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An agent-based model evaluating last-mile solutions for parcel delivery in an urban area: A case study in the zero emission zone of Rotterdam

  • van Duurling, Koen (author)
Publication Date
Oct 09, 2020
TU Delft Repository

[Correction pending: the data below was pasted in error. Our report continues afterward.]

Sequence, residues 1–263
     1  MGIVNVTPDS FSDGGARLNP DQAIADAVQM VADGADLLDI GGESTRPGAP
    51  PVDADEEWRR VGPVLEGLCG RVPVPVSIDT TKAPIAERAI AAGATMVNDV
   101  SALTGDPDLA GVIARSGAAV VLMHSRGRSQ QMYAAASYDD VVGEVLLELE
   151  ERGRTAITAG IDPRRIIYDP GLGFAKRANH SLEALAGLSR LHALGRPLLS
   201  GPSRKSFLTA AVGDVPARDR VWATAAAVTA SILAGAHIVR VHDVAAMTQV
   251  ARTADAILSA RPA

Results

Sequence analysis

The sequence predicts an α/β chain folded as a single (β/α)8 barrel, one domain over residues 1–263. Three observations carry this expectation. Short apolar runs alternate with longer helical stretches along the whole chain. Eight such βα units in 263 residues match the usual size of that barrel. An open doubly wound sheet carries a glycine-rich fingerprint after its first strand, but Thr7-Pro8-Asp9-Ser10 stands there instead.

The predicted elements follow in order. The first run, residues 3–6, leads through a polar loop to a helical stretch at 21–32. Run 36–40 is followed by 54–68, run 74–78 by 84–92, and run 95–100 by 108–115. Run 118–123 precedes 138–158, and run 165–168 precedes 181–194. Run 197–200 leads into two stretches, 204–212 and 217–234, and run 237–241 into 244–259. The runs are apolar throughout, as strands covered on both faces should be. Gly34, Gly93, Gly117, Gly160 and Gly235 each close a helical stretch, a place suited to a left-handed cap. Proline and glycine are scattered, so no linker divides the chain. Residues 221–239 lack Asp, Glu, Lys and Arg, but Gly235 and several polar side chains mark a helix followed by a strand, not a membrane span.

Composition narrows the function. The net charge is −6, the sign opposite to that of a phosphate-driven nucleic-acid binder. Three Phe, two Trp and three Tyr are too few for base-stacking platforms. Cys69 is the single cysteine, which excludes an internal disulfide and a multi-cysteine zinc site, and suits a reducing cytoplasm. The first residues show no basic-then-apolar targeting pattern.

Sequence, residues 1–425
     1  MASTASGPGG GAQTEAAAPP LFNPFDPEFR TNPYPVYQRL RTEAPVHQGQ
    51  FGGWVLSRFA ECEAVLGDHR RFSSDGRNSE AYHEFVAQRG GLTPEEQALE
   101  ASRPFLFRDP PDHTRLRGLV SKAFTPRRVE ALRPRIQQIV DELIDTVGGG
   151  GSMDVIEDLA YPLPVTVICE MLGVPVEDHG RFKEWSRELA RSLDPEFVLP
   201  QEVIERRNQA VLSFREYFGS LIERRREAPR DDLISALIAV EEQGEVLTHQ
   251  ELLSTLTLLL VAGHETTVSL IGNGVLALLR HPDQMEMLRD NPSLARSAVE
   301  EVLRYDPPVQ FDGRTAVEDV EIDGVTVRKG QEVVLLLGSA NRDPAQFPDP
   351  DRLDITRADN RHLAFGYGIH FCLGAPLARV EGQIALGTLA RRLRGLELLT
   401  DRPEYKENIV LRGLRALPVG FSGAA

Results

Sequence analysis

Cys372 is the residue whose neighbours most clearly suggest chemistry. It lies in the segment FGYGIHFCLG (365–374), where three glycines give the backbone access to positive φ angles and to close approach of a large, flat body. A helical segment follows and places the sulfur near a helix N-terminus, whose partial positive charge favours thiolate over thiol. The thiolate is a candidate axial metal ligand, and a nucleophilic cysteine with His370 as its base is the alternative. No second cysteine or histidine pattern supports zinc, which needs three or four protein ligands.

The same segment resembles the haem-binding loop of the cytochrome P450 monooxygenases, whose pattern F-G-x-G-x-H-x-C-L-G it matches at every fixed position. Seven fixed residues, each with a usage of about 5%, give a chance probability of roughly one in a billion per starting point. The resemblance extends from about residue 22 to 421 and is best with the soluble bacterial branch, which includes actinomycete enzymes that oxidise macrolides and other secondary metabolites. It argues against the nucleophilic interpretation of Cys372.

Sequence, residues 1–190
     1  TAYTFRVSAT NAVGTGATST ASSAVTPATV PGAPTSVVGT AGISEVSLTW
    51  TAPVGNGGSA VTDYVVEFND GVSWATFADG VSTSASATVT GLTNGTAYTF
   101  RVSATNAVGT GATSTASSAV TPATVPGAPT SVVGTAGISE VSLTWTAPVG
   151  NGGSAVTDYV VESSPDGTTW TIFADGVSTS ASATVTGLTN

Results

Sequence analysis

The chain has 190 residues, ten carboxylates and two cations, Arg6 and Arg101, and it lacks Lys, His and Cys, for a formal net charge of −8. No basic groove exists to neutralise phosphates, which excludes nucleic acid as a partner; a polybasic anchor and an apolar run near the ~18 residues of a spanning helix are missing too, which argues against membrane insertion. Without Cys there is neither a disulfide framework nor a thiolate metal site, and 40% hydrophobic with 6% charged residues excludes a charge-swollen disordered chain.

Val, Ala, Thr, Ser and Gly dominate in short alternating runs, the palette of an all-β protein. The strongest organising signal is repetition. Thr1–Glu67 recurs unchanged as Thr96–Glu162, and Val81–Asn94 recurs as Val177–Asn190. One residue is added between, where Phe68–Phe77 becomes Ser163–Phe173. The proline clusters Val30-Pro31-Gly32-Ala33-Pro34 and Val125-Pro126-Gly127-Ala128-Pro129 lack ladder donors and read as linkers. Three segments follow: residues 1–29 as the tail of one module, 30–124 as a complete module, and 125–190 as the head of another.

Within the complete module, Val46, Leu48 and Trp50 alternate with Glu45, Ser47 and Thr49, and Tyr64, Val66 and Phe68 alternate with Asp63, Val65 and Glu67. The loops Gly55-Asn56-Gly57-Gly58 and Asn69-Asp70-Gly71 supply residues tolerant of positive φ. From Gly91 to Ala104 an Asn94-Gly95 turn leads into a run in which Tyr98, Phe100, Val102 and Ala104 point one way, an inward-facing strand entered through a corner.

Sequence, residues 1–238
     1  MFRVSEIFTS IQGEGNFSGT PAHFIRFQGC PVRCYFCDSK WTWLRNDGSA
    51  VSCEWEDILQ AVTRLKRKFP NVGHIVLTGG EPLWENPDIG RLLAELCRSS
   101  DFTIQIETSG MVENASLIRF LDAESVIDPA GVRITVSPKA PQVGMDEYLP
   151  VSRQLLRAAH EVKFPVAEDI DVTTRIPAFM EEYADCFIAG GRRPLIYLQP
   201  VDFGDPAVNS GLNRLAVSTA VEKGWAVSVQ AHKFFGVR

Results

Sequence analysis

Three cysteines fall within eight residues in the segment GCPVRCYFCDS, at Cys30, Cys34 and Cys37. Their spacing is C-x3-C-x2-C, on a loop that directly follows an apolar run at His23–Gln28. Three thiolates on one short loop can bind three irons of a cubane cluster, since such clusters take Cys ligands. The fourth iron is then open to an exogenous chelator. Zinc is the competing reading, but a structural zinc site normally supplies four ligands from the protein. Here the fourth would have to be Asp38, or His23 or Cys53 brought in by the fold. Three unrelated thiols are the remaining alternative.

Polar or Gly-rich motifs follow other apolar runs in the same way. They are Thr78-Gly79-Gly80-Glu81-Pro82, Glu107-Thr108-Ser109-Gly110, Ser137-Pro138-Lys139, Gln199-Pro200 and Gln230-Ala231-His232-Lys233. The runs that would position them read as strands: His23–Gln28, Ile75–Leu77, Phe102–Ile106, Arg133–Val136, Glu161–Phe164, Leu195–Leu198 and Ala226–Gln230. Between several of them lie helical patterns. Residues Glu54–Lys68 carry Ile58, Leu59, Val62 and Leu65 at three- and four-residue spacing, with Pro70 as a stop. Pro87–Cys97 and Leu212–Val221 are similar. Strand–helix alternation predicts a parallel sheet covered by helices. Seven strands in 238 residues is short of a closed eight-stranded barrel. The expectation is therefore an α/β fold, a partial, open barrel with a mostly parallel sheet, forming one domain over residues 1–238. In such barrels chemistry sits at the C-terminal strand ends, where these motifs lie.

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E-commerce has grown rapidly worldwide over the past decade and thus more parcels are shipped into urban areas. The last mile delivery of these parcels into an urban area create big problems such as congestion and pollution. In order to tackle these problems new solutions have been found by either changing the operations of the system or using different vehicles. It is difficult to predict what will happen when these solutions are implemented in an urban area. Thus freight models are required to evaluate these last-mile solutions. This research used Agent-based modeling (ABM) to evaluate last-mile solutions for the delivery of parcels in a zero-emission urban area. The four last-mile solutions that were evaluated are vehicle type, collaboration levels, varying number of UCCs and varying parcel acceptance rates. The results show that electric delivery vans perform better than cargo bikes based on distance traveled, cost and number of vehicles required. On collaboration levels it shows that full collaboration can have a positive impact on distance travel traveled and cost. It is suggested to use two UCCs instead of five since having more UCCs does not decrease distance traveled and costs. The results also showed that when all parcels are accepted in the system on their first try it reduces cost, distance traveled by all vehicles and the total number of vehicles required. Local administrators can use these results when tackling the impact ever increasing growth of e-commerce and the parcels that need to be delivered. / Transport, Infrastructure and Logistics

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